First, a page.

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124 E Washington, Ann Arbor, MI 48104 | 734.585.5567 | firstname.lastname@example.org | M-Th 10-9 | Fri & Sa 10-10 | Sun 10-7
Literati is thrilled to welcome authors Sharon Harrigan and Rick Bailey in support of their new memoirs Playing with Dynamite and American English, Italian Chocolate
About Playing with Dynamite
Sharon Harrigan’s father was larger than life, a brilliant but troubled man who blew off his hand with dynamite before she was born and died in a mysterious and bizarre accident when she was seven. The story of his death never made sense. How did he really die? And why was she so sure that asking would be dangerous? A series of events compel her to find the answers, collecting other people’s memories and uncovering her own. Her two-year odyssey takes her from Virginia to Detroit to Paris and finally to the wilds of northern Michigan where her father died. There, she discovers the real danger and has to confront her fear.
Playing with Dynamite is about the family secrets that can distance us from each other and the honesty that can bring us closer. It’s about a daughter who goes looking for her father but finds her mother instead. It’s about memory and truth, grieving and growing, and what it means to go home again.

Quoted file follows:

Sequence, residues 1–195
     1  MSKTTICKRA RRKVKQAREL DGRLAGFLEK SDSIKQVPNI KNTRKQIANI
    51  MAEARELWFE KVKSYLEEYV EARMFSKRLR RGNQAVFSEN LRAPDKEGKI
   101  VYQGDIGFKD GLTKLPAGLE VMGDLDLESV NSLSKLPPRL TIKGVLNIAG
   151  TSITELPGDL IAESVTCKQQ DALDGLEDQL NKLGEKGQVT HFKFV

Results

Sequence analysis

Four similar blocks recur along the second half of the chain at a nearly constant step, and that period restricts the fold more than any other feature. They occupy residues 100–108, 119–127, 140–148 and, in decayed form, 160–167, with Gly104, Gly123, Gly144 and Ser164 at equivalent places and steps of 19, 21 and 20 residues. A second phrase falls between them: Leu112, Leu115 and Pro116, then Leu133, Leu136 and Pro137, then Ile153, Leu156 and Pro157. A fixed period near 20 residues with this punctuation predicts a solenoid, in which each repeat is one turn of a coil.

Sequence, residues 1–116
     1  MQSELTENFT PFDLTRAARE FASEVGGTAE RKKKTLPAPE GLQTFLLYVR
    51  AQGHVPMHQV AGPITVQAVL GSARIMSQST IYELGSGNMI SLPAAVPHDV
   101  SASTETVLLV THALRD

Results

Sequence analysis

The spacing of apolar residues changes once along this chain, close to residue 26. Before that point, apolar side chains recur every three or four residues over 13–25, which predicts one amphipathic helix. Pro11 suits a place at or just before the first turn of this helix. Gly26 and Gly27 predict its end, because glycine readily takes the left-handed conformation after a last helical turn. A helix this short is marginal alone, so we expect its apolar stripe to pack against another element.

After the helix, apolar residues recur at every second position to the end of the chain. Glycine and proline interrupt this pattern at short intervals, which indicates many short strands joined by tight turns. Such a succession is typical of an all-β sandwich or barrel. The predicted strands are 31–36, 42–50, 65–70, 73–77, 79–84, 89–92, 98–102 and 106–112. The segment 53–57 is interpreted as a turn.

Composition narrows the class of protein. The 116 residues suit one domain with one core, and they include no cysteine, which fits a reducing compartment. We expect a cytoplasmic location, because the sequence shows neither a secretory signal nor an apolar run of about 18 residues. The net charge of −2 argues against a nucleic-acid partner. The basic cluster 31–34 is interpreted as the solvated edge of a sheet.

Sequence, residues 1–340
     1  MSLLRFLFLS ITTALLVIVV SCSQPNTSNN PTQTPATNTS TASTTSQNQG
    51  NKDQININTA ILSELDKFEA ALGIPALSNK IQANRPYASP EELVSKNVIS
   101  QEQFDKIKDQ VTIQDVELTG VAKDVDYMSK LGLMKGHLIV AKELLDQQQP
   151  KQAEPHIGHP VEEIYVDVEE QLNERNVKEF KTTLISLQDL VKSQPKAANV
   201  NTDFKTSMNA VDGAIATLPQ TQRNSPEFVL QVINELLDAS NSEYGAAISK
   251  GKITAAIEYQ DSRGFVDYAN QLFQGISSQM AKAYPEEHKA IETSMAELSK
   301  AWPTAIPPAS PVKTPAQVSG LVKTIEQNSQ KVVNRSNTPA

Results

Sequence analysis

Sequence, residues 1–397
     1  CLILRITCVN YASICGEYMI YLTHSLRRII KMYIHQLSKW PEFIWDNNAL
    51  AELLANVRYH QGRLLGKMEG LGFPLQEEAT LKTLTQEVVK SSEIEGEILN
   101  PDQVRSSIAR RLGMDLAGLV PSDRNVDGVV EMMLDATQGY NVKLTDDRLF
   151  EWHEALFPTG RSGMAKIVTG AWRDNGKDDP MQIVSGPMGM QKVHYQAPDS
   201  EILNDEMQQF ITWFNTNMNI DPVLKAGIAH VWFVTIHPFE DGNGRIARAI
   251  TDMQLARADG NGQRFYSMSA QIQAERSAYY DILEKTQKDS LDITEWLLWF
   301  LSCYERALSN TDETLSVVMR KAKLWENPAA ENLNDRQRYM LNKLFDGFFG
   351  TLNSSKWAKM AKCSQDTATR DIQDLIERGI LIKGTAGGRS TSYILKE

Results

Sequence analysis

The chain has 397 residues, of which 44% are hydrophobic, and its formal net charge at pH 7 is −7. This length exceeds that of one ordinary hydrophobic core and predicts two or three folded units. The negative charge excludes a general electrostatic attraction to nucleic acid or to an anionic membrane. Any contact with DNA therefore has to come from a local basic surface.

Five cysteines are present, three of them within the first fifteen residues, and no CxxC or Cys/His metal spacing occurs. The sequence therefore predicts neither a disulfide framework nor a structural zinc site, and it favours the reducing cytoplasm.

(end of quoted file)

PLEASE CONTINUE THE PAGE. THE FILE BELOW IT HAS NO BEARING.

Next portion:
About American English, Italian Chocolate
American English, Italian Chocolate is a memoir in essays beginning in the American Midwest and ending in north central Italy. In sharply rendered vignettes, Rick Bailey reflects on donuts and ducks, horses and car crashes, outhouses and EKGs. He travels all night from Michigan to New Jersey to attend the funeral of a college friend. After a vertiginous climb, he staggers in clogs across the top of the Leaning Tower of Pisa. In a trattoria in the hills above the Adriatic, he ruminates on the history and glories of beans, from Pythagoras to Thoreau, from the Saginaw Valley to the Province of Urbino. Bailey is a bumbling extra in a college production of Richard III. He is a college professor losing touch with a female student whose life is threatened by her husband. He is a father tasting samples of his daughter's wedding cake. He is a son witnessing his aging parents' decline. He is the husband of an Italian immigrant who takes him places he never imagined visiting, let alone making his own. At times humorous, at times bittersweet, Bailey's ultimate subject is growing and knowing, finding the surprise and the sublime in the ordinary detail of daily life
Sharon Harrigan has a B.A. in English from Columbia University and an MFA in Creative Writing from Pacific University. She teaches memoir writing at WriterHouse in Charlottesville. She has published over four dozen essays, reviews, and short stories. Her work has appeared in Virginia Quarterly Review, Pleiades, Slice, Narrative, Pearl, Prime Number, Silk Road, Mid American Review, Louisiana Literature, Apercus Quarterly, Rain Taxi, Hip Mama, Fiction Writers’ Review, Streetlight Magazine, Passing Through Journal, The Nervous Breakdown, and The Rumpus. She is a contributing editor at The Nervous Breakdownand at Silk Road Review.
Rick Bailey is a professor emeritus of English at Henry Ford College in Michigan. He is the author or editor of several books on writing, including The Creative Writer's Craft.